When Abu Dhabi Harlequins this week revealed a loss of half a million dirhams worth of sponsorship, it was a stark reality check for the game here.
They are the leading side in West Asia, won five trophies out of five at first-team level last season, and have a massive junior player base. If they are not attractive to sponsors, then what about everyone else?
Clubs in the UAE have always had to rely on canny deal-making, as well as the benevolence of some rugby-loving businesses to meet costs that can be eye-watering.
With an annual budget of Dh1.8 million, Dubai Hurricanes aim to have 60 per cent of their income to be earned through membership fees.
The remaining 40 per cent will be via sponsor and corporate agreements. The split is likely to be nearer 70-30 for the forthcoming season, though.
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“Like other clubs, we have lost sponsors,” said Simon Lewis, the Hurricanes chairman. “In past years, we have had some very generous sponsors who have been part of the club. Out of goodwill, they have helped us out.
“Emirates, since The Sevens [rugby facility on the Dubai to Al Ain Road] was inaugurated [in 2008], have taken the approach of supporting grassroots rugby.
“They selected our club as being one to support, and without a doubt, we would not be where we are today.”
In 2006, the Hurricanes had around 90 mini and youth players. They ended last season with a little more than 600. The youngest players have annual subscription costs of Dh1,100.
As part of their recruitment drive for the new campaign, senior players can pay an “early bird” rate of Dh1,600 up until the first match of the season in September. After that, it rises to Dh1,950.
Lewis says the mini and youth section is not there to prop up the senior teams, but the clubs with thriving junior programmes generally have a healthier financial buffer than those who do not.
Dubai Exiles, who neighbour the Hurricanes at The Sevens, have a budget of Dh2.8m for next season.
That includes pitch hire of around Dh600,000, plus payment for four members of staff - a commercial director, an administrator, plus the two coaches, Jacques Benade and Denis Hurley.
“Just to deliver your basic product here costs a lot of money,” said Mike Wolff, the Exiles chairman.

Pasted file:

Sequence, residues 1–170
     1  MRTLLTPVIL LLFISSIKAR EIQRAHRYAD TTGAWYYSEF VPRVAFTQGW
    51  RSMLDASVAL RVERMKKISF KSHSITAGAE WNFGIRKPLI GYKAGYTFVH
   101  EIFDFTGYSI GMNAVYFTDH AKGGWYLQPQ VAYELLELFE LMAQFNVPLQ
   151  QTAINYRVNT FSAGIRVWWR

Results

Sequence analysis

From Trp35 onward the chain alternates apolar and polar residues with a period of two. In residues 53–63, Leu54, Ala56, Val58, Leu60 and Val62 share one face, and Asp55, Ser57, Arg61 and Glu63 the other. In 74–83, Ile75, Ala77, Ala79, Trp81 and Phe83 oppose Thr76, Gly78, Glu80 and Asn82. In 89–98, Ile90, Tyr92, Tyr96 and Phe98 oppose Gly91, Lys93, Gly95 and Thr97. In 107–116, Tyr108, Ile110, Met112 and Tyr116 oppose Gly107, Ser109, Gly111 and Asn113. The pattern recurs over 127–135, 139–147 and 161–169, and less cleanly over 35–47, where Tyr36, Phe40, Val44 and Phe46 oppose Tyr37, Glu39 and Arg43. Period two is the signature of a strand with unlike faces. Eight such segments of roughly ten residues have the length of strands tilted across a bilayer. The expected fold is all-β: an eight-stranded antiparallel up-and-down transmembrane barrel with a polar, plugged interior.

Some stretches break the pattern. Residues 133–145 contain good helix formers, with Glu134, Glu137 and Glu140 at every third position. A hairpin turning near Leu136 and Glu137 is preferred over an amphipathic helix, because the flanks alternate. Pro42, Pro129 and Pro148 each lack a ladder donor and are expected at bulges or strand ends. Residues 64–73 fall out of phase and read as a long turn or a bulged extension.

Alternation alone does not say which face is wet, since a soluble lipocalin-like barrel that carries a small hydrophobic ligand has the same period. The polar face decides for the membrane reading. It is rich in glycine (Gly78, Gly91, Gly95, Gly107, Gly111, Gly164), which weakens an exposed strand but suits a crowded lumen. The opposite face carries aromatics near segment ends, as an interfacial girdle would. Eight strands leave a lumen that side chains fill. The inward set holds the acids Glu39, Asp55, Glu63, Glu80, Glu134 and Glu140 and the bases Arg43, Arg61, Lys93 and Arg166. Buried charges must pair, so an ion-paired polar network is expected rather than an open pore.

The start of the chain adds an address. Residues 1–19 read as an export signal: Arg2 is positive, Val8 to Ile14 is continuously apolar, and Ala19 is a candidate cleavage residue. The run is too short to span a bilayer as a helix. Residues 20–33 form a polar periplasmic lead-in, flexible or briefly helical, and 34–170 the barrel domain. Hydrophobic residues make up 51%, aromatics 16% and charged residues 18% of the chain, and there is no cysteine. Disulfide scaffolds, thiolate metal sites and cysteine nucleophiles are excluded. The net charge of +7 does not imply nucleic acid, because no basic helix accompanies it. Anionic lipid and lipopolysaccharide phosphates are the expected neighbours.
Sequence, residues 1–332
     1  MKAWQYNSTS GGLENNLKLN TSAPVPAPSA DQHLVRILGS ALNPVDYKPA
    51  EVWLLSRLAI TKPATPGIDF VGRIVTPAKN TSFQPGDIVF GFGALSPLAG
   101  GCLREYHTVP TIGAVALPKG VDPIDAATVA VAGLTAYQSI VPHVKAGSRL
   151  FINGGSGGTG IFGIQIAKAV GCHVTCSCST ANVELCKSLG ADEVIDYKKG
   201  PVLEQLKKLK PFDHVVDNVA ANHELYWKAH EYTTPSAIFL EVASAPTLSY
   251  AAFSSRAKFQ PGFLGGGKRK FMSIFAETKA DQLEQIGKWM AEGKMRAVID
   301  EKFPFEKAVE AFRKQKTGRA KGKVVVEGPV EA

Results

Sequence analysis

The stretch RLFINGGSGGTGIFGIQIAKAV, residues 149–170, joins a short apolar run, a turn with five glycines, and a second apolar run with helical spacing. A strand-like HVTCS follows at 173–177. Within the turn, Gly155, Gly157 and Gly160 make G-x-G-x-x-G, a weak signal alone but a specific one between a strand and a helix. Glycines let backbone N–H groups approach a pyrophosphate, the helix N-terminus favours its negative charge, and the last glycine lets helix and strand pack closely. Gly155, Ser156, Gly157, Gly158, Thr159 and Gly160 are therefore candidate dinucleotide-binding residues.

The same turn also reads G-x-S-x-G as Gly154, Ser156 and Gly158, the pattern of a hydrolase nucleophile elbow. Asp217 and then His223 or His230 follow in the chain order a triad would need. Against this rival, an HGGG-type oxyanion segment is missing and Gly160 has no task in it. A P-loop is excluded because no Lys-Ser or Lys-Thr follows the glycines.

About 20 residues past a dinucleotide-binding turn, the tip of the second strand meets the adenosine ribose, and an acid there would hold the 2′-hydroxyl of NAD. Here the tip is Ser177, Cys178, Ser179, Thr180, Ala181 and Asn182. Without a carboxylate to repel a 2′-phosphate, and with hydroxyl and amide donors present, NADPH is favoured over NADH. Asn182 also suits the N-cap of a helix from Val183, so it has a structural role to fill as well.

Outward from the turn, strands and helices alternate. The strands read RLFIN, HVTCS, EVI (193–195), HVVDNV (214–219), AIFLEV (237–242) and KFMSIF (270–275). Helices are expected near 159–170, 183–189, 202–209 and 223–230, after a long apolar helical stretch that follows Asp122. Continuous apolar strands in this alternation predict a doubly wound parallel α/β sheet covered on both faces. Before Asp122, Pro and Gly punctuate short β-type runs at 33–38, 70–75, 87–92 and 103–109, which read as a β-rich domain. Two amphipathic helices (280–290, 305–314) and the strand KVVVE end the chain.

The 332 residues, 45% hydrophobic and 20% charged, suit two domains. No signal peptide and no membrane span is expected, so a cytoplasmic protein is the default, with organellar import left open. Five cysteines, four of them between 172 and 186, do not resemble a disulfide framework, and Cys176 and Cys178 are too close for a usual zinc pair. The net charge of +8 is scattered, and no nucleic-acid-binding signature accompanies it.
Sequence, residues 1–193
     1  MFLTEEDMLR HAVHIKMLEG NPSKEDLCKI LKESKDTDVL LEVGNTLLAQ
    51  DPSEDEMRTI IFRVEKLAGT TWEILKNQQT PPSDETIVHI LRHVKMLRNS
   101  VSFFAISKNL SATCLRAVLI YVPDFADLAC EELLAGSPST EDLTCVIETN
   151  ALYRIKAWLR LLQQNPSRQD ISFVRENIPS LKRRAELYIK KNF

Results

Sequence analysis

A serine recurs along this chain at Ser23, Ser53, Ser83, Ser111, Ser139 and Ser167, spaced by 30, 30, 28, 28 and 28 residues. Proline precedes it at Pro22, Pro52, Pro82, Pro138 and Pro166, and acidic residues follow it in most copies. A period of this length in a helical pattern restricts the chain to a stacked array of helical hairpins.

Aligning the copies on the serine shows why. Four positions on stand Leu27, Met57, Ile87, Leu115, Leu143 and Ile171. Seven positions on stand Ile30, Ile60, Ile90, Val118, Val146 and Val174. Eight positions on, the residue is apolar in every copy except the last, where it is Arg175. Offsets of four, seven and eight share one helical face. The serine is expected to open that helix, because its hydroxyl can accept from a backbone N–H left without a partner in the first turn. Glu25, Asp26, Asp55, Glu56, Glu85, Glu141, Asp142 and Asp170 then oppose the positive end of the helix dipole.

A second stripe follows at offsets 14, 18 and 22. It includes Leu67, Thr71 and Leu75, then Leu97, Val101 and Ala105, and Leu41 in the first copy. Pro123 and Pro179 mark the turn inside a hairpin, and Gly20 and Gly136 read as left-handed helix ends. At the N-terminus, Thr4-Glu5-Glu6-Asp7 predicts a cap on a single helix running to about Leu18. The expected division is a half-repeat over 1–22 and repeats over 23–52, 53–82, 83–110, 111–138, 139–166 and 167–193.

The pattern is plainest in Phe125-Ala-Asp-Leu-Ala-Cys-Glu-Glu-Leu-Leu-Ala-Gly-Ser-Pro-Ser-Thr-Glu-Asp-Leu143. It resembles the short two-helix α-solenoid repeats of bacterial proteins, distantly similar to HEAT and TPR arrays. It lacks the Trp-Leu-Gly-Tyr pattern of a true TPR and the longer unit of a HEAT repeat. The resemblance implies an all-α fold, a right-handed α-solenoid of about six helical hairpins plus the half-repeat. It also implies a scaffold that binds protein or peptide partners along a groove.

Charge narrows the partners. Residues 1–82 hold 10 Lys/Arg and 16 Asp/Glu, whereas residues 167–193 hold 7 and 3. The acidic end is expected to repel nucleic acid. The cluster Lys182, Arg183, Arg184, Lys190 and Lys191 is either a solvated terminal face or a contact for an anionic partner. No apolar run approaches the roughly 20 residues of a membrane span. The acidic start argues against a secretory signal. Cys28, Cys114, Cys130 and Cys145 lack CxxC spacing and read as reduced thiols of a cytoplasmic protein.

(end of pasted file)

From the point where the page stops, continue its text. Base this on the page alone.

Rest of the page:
“We have just shy of 700 playing members, and have worked out that on average, each player’s total cost is something like Dh4,000. That is a lot of money over the course of a season.”
Sponsorships and barter agreements mean membership subscriptions are subsidised. Players pay between Dh1,800 to Dh2,250 per season.
“People can argue, do you really want some of your mini and youth players to be training twice a week, because that increases your pitch costs,” Wolff said.
“Or do we really need a small core of paid staff to help a large club like ours run and deliver what it does. But I firmly believe we want to offer that high quality experience.
“Our successes with our mini and youth programme and the men's section winning the double two seasons ago prove it's working.”
Jebel Ali Dragons are unique among the top Premiership clubs in not having a mini and youth division. It is a target for 2018, but Stuart Quinn, their new chairman, remains cautious.
“There are some great mini and youth options in the country so any offering we put together needs to be well thought out and supported,” Quinn said. “We aren’t there yet, we know that.”
Quinn says the Dragons are now more commercially minded than ever, but they have always been resourceful.
When Dubai rugby decamped from the now defunct Exiles ground in Al Awir at the end of 2008, all clubs initially made use of the purpose-built Sevens ground.
Dragons moved to Jebel Ali Centre of Excellence in the 2010/11 season, though. It was “vital” to the club’s development, according to Quinn.
They expect to have around 130 players for the new season, under the paid-for coaching of Henry Paul, the former England player.
They sustain this player base partly via a link up First Resort Global Recruitment, a company run by Paul Hart, one of their senior players.
“We have made it a clear policy that we don’t offer financial incentives, but do have an incredible network that we can call on to secure players work,” Quinn said.
“It’s our opinion that this is still an amateur league and is certainly not built to support the paying of players. It is far more sustainable for us to work on finding people good solid employment, the rugby comes after that.”